How to Write an Abstract The first sentence of an abstract should clearly introduce the topic of the paper so that readers can relate it to other work they are familiar with. However, an analysis of abstracts across a range of fields show that few follow this advice, nor do they take the opportunity to summarize previous work in their second sentence. To solve this problem, we describe a technique that structures the entire abstract around a set of six sentences, each of which has a specific role, so that by the end of the first four sentences you have introduced the idea fully.
Philip KoopmanCarnegie Mellon University October, Abstract Because on-line search databases typically contain only abstracts, it is vital to write a complete but concise description of your work to entice potential readers into obtaining a copy of the full paper.
This article describes how to write a good computer architecture abstract for both conference and journal papers. Writers should follow a checklist consisting of: Following this checklist should increase the chance of people taking the time to obtain and read your complete paper.
Introduction Now that the use of on-line publication databases is prevalent, writing a really good abstract has become even more important than it was a decade ago.
Abstracts have always served the function of "selling" your work. But now, instead of merely convincing the reader to keep reading the rest of the attached paper, an abstract must convince the reader to leave the comfort of an office and go hunt down a copy of the article from a library or worse, obtain one after a long wait through inter-library loan.
In a business context, an "executive summary" is often the only piece of a report read by the people who matter; and it should be similar in content if not tone to a journal paper abstract.
Parts of an Abstract Despite the fact that an abstract is quite brief, it must do almost as much work as the multi-page paper that follows it. In a computer architecture paper, this means that it should in most cases include the following sections.
Each section is typically a single sentence, although there is room for creativity. In particular, the parts may be merged or spread among a set of sentences. Use the following as a checklist for your next abstract: Why do we care about the problem and the results? If the problem isn't obviously "interesting" it might be better to put motivation first; but if your work is incremental progress on a problem that is widely recognized as important, then it is probably better to put the problem statement first to indicate which piece of the larger problem you are breaking off to work on.
This section should include the importance of your work, the difficulty of the area, and the impact it might have if successful. What problem are you trying to solve?
What is the scope of your work a generalized approach, or for a specific situation? Be careful not to use too much jargon. In some cases it is appropriate to put the problem statement before the motivation, but usually this only works if most readers already understand why the problem is important.
How did you go about solving or making progress on the problem? Did you use simulation, analytic models, prototype construction, or analysis of field data for an actual product?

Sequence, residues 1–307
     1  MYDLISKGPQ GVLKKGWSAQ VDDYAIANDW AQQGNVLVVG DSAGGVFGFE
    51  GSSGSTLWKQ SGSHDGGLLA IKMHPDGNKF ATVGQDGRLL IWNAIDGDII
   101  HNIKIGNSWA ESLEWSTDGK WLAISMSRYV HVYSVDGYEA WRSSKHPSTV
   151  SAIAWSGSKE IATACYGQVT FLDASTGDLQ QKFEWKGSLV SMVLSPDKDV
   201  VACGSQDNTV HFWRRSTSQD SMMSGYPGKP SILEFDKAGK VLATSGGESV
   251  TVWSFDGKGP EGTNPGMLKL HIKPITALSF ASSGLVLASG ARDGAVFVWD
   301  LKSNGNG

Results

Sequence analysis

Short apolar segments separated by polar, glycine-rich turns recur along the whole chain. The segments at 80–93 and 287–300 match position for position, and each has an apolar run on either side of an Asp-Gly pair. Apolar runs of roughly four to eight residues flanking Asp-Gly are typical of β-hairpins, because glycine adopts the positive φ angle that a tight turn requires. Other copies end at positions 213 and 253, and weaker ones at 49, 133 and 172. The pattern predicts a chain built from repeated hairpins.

What was the extent of your work did you look at one application program or a hundred programs in twenty different programming languages?
What important variables did you control, ignore, or measure?
Specifically, most good computer architecture papers conclude that something is so many percent faster, cheaper, smaller, or otherwise better than something else. Put the result there, in numbers. Avoid vague, hand-waving results such as "very", "small", or "significant. There is a tension here in that you should not provide numbers that can be easily misinterpreted, but on the other hand you don't have room for all the caveats.
What are the implications of your answer? Is it going to change the world unlikelybe a significant "win", be a nice hack, or simply serve as a road sign indicating that this path is a waste of time all of the previous results are useful.Aug 12, · getting someone to write my research paper the writer in me essay Phd thesis abstract length and Writing history in help to students Jen is the conscious adoption in humans and many similar to the emitter the power of better educated and independence.
You need to think for yourself and come up with a ‘bright idea’ to write a good history essay. You can of course follow the herd and repeat the interpretation given in your textbook. But there are problems here. Nov 09, · Writing a picture analysis essay requires a basic understanding of essay structure and these visual communication techniques.
Excellent picture analysis essays combine both these elements while addressing the more ephemeral ideas and experiences communicated by a webkandii.coms: A Brief Guide to Writing the History Paper The Challenges of Writing About (a.k.a., Making) History At ﬁrst glance, writing about history can seem like an frame of reference.
Edward Gibbon’s History of the Decline and Fall of the Roman Empire, for instance, can represent a second-. Nov 09, · Review and understand any requirements for writing your abstract. The paper you’re writing probably has specific guidelines and requirements, whether it’s for publication in a journal, submission in a class, or part of a work project%().
How to Write a Comparative Analysis. Throughout your academic career, you'll be asked to write papers in which you compare and contrast two things: two texts, two theories, two historical figures, two scientific processes, and so on.
Frame of Reference. Let's say you're writing a paper on global food distribution, and you've chosen to.